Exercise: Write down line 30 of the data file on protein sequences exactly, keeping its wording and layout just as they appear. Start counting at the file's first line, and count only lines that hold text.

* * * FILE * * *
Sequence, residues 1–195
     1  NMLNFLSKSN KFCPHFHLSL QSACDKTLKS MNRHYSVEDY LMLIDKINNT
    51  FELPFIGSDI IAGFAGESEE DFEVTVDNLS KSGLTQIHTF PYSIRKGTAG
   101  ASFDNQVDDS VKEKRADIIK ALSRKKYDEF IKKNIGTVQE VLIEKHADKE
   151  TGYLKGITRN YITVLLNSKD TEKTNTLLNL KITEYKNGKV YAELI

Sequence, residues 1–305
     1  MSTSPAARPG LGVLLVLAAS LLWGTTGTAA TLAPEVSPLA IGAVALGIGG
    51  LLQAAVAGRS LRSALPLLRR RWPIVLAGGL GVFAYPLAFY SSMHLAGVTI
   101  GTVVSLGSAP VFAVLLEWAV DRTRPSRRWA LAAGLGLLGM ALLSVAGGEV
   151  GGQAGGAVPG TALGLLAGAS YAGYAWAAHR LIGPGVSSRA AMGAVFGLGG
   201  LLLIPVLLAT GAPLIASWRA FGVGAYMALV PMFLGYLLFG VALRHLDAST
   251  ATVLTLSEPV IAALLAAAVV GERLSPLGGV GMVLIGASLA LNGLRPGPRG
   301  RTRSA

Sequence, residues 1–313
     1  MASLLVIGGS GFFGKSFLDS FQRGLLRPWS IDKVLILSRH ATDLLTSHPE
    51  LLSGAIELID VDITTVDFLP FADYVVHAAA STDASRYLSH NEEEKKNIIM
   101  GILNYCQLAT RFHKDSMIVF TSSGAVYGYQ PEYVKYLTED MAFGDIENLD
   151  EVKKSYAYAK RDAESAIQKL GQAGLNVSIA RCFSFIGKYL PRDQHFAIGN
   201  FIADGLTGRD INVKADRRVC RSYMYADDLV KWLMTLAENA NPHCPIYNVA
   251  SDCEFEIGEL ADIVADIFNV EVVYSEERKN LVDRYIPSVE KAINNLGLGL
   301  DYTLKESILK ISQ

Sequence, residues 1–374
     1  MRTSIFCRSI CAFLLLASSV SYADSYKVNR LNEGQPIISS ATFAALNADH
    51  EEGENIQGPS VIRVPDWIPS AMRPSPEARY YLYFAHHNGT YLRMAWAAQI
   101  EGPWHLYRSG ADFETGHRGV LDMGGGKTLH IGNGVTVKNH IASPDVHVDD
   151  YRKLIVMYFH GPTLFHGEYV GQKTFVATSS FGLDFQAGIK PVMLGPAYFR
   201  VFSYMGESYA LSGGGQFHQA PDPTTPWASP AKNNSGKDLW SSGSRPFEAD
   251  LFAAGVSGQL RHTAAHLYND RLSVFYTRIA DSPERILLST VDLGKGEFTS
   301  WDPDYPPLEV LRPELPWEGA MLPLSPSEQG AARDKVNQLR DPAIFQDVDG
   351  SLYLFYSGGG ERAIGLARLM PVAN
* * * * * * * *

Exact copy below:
   351  SLYLFYSGGG ERAIGLARLM PVAN